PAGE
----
Factors that Contribute to Resilience of Early Care and Education Teachers’s
“What is good for teachers is good for children, what is bad for teachers is bad for children”, (Baig-Ali, 2012, p 72). Teaching is an honorable profession. Millions of students are shaped by the instruction and knowledge presented in learning and classroom environments. Despite our best intentions to reach every child and keep qualified teachers, close to one-fourth resign during or at the end of each school year (Poyner, 2016). The reasons are many, stress, lack of support, low compensation, verbal and physical abuse from students, colleagues and parents. Poyner’s doctoral study examines factors that contribute to the resilience of early care and education teachers that remain dedicated to teaching.
In her literature review, Poyner draws on the research of Gomez (2015), Boyer (2012) and Curby et al. (2013) on how caregivers and early education professionals can help develop a sense of attachment that is critical to brain development in children. As research has shown, cortisol produces stress in humans, regardless of their age. A relatively low amount of stress can be managed, but highly stressful situations can cause havoc and create unhealthy physical and mental situations. As parents, caregivers and education professionals, part of our jobs is to teach children how to handle stress at an early age, and build mechanisms for them to rely on as they age. In order to teach children how to manage stress, teachers themselves must also find ways to stay resilience in their stress levels. Stressed out teachers cannot effectively teach students.
The intent of Poyner’ s study “was to convert theory and research findings into intervention strategies that may help promote resilience and mitigate stress and burnout among preschool teachers in a Head Start Program” (2016, p 4) and find strategies that would promote teacher retention. Targeting Head Start program teachers in her study, Poyner discovers that more than 80 percent agreed that teaching is stressful, with more than 50 percent qualifying teaching as highly stressful. In her findings, Poyner identifies four cycles or waves of resilience which are protective, promotive, preventative and how one’s genetics history factors into resilience.
“Some stressors from a typical day include facilitating appropriate individual student conduct, developing effective individualized curriculum and learning activities that meet the learning needs of children, and amplified workloads associated with increased demands for accountability including high stakes testing”, (Csaszar & Buchanan, 2015, p 4). Advocate groups supporting education (NAEYC, Zero to Three, Department of Education) have longed supported that school climates and environments play a major role in how effective teachers instruct and how well students are open to learning in supportive environments. Another factor creating stress stems from the classroom environment becoming “physically toxic” (Ehrenhalt, 2016, p 10). According to Ehrenhalt (2016) close to ten percent of school teachers/officials were either attacked or threaten during the 2011-2012 school year.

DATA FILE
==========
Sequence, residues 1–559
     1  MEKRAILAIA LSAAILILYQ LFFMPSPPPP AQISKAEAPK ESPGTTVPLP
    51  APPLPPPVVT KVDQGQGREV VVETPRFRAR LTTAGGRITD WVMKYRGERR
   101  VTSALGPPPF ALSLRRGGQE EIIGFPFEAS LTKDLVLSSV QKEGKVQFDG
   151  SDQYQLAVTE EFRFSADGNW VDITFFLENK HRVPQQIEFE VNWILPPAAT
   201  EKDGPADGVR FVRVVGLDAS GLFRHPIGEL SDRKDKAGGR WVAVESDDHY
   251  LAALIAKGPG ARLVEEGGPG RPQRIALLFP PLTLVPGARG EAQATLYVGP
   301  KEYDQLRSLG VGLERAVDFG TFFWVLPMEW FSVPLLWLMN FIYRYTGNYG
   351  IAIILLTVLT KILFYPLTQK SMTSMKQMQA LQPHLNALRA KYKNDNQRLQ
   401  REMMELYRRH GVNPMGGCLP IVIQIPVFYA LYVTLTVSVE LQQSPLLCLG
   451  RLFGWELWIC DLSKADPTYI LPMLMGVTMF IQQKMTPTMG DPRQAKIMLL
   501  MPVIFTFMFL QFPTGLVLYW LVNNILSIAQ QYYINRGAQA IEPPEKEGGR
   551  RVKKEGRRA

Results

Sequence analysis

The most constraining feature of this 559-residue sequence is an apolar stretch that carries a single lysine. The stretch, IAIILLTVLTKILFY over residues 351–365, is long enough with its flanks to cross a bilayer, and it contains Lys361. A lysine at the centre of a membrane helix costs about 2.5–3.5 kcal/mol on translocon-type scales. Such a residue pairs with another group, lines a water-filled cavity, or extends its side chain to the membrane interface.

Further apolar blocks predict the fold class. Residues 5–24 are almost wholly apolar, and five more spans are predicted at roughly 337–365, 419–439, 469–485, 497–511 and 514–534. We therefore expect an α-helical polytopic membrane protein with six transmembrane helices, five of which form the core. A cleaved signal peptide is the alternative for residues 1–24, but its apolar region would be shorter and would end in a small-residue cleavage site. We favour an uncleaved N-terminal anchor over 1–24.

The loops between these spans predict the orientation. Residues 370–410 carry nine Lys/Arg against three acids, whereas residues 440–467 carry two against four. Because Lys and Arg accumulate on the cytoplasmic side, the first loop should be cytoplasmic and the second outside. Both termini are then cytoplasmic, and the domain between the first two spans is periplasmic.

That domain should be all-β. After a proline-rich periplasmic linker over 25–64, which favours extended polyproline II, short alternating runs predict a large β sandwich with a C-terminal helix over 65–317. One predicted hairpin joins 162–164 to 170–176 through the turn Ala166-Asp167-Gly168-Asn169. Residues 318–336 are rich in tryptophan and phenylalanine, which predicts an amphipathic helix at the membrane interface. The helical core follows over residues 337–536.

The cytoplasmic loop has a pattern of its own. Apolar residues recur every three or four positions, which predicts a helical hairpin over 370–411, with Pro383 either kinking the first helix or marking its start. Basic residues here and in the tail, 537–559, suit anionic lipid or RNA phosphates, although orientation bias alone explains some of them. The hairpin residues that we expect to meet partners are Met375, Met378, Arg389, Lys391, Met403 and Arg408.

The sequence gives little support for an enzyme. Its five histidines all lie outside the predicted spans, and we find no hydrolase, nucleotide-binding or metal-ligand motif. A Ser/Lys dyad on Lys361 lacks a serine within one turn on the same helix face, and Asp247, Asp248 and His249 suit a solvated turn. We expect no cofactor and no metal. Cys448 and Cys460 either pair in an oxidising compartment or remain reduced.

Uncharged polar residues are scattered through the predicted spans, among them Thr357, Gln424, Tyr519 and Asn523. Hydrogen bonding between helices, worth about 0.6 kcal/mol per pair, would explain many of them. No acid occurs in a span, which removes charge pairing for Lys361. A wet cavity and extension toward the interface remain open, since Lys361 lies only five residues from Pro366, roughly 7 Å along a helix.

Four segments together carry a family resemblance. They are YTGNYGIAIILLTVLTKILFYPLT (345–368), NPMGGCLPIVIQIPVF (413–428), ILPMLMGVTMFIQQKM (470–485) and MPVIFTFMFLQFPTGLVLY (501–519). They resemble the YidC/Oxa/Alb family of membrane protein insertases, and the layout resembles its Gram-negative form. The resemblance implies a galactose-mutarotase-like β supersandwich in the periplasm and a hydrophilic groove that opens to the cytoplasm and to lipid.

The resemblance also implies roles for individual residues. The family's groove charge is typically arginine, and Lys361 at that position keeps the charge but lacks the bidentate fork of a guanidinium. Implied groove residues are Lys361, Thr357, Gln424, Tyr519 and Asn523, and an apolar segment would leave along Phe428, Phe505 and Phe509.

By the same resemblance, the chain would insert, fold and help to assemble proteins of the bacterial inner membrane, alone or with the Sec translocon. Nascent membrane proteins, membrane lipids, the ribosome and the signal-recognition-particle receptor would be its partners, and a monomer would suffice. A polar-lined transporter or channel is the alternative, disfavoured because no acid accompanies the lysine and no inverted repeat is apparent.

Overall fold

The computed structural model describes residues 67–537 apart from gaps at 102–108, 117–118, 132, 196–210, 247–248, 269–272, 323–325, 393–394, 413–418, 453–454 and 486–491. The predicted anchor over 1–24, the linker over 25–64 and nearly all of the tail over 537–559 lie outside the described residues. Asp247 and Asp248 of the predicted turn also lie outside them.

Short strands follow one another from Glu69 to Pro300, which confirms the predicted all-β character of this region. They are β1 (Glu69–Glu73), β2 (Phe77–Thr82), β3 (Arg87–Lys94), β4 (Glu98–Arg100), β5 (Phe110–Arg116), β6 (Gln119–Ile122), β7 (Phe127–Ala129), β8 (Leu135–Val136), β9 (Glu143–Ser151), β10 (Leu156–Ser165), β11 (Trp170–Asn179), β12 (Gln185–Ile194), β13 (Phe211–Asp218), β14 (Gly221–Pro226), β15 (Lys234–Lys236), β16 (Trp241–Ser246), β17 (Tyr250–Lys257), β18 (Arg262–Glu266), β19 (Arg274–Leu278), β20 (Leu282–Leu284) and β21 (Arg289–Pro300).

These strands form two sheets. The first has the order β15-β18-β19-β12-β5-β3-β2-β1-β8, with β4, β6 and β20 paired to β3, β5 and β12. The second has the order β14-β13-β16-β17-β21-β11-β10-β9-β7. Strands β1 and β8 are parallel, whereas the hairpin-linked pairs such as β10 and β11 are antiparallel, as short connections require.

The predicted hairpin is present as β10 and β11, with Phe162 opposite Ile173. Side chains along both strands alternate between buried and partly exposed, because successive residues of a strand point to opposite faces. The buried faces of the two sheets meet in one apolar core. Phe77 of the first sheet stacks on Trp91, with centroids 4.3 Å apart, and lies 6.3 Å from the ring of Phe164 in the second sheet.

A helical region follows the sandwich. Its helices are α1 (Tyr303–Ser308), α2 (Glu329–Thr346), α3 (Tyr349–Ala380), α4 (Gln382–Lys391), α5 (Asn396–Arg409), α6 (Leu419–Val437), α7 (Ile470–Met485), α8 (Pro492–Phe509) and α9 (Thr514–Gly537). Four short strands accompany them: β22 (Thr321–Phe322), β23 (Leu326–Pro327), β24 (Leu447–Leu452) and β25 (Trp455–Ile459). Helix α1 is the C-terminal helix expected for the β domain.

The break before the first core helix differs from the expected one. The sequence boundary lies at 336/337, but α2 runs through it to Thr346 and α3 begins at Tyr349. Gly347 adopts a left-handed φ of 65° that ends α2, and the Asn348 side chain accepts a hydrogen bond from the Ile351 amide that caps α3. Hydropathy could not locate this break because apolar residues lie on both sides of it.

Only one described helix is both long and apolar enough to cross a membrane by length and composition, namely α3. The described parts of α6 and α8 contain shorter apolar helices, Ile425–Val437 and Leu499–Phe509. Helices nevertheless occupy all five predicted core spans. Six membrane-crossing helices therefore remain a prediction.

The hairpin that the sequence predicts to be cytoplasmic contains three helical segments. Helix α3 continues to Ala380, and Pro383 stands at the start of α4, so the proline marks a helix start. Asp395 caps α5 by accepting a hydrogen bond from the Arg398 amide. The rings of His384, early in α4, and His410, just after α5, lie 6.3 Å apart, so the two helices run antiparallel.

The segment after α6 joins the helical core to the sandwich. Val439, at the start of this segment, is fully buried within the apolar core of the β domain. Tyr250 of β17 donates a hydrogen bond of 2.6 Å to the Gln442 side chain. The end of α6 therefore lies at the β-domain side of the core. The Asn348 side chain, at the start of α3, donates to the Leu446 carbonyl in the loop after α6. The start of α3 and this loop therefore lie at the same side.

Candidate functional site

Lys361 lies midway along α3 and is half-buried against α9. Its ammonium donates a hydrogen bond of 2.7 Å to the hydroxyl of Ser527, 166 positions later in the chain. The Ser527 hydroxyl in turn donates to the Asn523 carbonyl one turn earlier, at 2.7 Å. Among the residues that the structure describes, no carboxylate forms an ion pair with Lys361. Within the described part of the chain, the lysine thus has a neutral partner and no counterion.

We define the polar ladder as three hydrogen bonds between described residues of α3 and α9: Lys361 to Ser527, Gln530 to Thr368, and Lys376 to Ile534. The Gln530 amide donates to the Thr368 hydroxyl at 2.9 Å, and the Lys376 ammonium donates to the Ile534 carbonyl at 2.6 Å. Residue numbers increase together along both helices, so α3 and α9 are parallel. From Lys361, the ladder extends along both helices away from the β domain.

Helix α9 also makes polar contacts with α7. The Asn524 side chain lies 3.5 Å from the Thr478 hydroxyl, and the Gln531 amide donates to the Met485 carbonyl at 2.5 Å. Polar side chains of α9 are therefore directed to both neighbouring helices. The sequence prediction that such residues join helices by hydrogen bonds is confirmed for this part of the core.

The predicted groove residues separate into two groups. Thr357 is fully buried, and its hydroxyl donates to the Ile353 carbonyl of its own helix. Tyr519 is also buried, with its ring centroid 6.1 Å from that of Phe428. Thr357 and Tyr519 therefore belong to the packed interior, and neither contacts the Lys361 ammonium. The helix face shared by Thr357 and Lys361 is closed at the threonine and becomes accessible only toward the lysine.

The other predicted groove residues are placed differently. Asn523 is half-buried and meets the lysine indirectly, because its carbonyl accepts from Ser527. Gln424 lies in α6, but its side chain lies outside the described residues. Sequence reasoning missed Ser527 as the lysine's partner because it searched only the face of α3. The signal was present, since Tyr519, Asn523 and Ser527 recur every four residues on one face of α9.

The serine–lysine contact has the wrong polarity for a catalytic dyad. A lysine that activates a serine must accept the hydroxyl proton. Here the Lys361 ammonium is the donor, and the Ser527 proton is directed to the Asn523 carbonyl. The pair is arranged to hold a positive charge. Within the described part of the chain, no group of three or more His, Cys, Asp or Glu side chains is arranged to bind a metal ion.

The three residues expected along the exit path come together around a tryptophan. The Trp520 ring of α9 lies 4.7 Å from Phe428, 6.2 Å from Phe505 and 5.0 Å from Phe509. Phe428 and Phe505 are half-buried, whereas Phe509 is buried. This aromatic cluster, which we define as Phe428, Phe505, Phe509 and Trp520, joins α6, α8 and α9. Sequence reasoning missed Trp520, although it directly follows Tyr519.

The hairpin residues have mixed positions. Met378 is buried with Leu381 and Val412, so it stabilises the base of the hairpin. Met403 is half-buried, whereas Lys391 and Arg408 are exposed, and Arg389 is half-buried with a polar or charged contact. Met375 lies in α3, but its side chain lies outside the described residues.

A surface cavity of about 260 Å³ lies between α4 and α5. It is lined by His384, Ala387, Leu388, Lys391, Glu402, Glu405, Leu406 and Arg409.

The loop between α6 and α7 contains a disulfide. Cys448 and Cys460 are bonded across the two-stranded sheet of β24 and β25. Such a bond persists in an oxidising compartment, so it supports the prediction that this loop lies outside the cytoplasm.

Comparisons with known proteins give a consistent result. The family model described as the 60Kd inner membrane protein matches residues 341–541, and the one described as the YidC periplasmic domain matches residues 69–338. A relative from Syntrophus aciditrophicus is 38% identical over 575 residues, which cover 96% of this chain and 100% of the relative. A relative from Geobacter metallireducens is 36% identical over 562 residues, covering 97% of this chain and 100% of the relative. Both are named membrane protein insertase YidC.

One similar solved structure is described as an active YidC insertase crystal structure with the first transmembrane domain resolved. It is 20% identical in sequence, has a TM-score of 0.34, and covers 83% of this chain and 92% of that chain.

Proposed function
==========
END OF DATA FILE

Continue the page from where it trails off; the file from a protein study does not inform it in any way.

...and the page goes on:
What fosters and supports a great learning environment? Having a harmonious space filled with color, creating a peaceful atmosphere helps in promoting a creative classroom for teachers and children to engage. Fostering relationships with students and their families by understanding their cultural and home environment, lends to building healthy relationships and support systems. At the early stages of learning, particularly children from the ages of 3-8, forming a healthy bond between caregiver, family and teachers allow for children to feel secure in learning, builds confidence and helps promote healthy brain development (Poyner, 2016; Hudson & Hudson, 2010; Verissimo et al., 2014).
Mentoring from colleagues and school administrators can assist in building resilience and positive attitudes towards teaching. A recent study of Hong Kong teachers suggest that “encouraging pre-service teachers to join a programme that enhances well-being and stress reduction would be an effective strategy for preventing burnout”, (Hue & Lau, 2015, p 383). Lastly, Poyner implores that “given these implications, it is important for ECE programs to utilize resources to aid in promoting the wellbeing and resilience of teachers”, (2016, p 18). Healthy teachers equate to having creative and positive classrooms, which produces happy and engaged students.
Baig-Ali, U. (2012). A young teacher’s view of the profession. Education Review, 24(1), 70-73.
Csaszar, I. E., & Buchanan, T. (2015). Meditation and Teacher Stress. Dimensions of Early Childhood, 43(1), 4-7.
Ehrenhalt, J. (2016). I thought about quitting today. Education Digest, 81(6), 9-15.
Hudson, P., & Hudson, S. (2010). Mentor Educators’ Understandings of Mentoring Preservice Primary Teachers. International Journal Of Learning, 17(2), 157-169.
Hue, M., & Lau, N. (2015). Promoting well-being and preventing burnout in teacher education: a pilot study of a mindfulness-based programme for pre-service teachers in Hong Kong. Teacher Development, 19(3), 381-401. doi:10.1080/13664530.2015.1049748
Poyner, N. B. (2016). Factors that contribute to resilience of early care and education teachers. ScholarWorks, Walden University.
Verissimo, M., Santos, A. J., Fernandes, C., & Vaughn, B. E. (2014). Associations between Attachment Security and Social Competence in Preschool Children. Merrill-Palmer Quarterly: Journal Of Developmental Psychology, 60(1), 80-99.